The CHANGING ROOM
in collaboration with the Depature Lounge / Intercultural participative project, 2019
Garments are charged with memories and guarded as testimonies of their own identity and culture heritage. Our own wardrobe is often full of gaps, which can be collaged into highly fashionable wardrobes. In my artistic work , I often build up synergies within the identity of fashion, as a vehicle of self-expression. Changing Room is a new processual concept, which was first realised in London/ Luton 2019, and open up one increasingly powerful intervention into the local social urbanity.
At the heart “The Changing Room” is a temporary, staged fashion boutique that is at once: a photo studio, an exhibition space and a meeting place. Each visitor is invited to try out their own or others’ clothes and reinvent themselves into a new persona. Protagonists are accompanied, treated, portrayed like in a professional fashion shoot. “The Changing Room” examines the internal processes and involvement of a multicultural society. The project explores this by examining the image of migrant women as an integrative constituent, revealing the polarity between the diverse cultural heritage of the protagonists’ countries of origin on the one hand – and the similarities in their everyday lives, – on the other. Explores the image of migrant women in the context of modern British society where they are trying to fulfil social requirements while complying to cultural and religious dogmas. Migration is inevitable. We all have routes and not just roots. The portraits and the movie focus on the importance clothing plays in personal and cultural identity and on the “double lives” lived by women, who may not always feel that they can dress as they want. Based on the question ‘who are you, and who you want to be? In a time of post-capitalist global unrest and strengthening of right wing extremism, the growing influence of religion that limits women’s rights again.
The project is liberated from being a purely everyday object, consumer service and commodity. No salaries are paid and nothing is sold. Participation and curiosity are in the forefront. The outcome is a mosaic that stands as a confident statement for a modern, self-conscious image of womanhood.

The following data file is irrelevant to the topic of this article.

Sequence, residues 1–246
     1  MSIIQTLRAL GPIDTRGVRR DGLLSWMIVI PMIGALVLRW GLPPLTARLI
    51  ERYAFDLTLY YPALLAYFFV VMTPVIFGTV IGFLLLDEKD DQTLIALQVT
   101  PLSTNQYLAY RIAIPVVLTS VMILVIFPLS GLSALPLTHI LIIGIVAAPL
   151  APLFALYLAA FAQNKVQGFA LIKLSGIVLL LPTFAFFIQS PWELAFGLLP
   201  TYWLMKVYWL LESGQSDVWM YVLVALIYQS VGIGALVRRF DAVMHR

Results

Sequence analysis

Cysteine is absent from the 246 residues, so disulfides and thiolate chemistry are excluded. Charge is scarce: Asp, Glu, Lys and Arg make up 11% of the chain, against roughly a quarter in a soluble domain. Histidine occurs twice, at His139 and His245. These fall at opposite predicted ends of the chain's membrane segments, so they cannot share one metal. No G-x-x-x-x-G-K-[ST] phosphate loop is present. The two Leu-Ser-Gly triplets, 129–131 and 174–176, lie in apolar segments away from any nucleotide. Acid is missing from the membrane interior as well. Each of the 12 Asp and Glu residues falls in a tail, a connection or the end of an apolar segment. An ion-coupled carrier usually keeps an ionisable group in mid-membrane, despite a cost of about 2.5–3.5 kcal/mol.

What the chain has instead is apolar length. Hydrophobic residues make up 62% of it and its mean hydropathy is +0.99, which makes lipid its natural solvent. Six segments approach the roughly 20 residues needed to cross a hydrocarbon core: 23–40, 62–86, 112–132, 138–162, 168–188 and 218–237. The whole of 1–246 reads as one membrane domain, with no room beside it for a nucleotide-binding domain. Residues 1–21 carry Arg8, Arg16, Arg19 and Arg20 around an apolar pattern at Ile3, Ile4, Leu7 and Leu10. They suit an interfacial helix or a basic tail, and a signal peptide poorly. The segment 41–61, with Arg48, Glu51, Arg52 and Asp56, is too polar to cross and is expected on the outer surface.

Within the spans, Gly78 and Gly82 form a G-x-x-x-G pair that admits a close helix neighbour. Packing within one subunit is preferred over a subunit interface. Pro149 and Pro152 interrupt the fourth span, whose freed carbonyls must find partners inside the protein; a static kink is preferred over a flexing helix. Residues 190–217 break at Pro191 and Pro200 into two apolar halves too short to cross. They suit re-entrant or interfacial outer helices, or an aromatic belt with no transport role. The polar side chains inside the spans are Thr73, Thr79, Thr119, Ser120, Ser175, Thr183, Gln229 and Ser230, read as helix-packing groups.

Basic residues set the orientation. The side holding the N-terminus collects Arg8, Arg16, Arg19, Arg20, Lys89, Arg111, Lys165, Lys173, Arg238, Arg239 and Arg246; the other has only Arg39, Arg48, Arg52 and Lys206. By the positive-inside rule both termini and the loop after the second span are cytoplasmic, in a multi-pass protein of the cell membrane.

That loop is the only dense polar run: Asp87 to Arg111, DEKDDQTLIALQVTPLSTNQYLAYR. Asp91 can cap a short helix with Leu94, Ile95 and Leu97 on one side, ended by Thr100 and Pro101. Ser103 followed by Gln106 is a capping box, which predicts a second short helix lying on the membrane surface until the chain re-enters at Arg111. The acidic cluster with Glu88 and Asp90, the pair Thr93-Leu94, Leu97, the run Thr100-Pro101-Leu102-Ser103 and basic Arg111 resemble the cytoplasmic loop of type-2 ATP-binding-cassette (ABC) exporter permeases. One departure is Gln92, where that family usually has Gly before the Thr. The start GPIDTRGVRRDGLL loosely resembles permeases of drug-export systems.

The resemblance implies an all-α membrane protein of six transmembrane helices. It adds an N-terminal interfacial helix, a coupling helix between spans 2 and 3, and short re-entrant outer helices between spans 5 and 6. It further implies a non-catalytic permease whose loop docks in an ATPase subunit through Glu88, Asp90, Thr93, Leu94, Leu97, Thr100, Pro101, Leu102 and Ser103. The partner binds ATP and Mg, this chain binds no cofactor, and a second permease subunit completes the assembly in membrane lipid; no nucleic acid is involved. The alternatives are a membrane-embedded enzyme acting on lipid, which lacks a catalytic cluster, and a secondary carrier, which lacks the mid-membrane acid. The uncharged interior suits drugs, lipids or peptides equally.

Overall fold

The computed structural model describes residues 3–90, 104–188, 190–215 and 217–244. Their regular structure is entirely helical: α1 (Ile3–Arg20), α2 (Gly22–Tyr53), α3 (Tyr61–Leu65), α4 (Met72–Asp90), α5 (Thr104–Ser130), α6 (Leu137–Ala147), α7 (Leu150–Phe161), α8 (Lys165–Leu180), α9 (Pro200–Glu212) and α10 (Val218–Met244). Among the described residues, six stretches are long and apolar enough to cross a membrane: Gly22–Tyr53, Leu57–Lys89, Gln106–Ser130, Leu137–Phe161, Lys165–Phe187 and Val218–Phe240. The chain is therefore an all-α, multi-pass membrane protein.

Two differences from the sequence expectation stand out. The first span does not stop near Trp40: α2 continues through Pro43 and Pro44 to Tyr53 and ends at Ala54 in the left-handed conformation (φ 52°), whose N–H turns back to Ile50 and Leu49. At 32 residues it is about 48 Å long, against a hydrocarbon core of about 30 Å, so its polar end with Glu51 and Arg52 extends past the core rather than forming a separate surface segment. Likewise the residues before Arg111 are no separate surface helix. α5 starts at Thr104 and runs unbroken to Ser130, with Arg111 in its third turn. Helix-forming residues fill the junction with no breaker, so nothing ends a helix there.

The Changing Room presents a picture of women from all walks of life who are at turns hardworking and professional, nurturing and caring, glamorous and performative in a project, which asks searching questions about how clothing and (staged) photographic portraiture can define and redefine us. We are facing a situation in which women must fight anew for the rights that had been won long ago. If we look inwards, not as a retreat, but to ground one’s self, one’s being. We can be light and playful, fearless and fragile, free just to be. To live in a world of equality.
The project `The Changing Room is celebrated as a promising pamphlet, the diversity of modern womanhood in shaking a the idea as world citizen. For months I plunged in the buzzling highly underrated cocoon of a run-down working-class city Luton,- with so much bad reputation so close to London-, fascinated by the town’s spectacular diversity and the fluid relationships between people of different ethnicities, faith communities and cultures. There I create a series of portraits examining the town’s numerous female identities. The Changing Room, transformed into a custom fashion studio combining a bespoke changing room, photographic studio and gallery.
I approached all women at random and invites them to be photographed. Based on the question ‘Who are you and who do you want to be?’ I believe the human figure and how we present ourselves – the clothes and adornments we choose – is a window on the soul.
The Changing Room presents a picture of women from all walks of life who are at turns hardworking and professional, nurturing and caring, glamorous and performative in a project, which asks searching questions about how clothing and (staged) photographic portraiture can define and redefine us. As an artist, I believe life’s most poignant moments come from the ability to fuse fantasy and reality.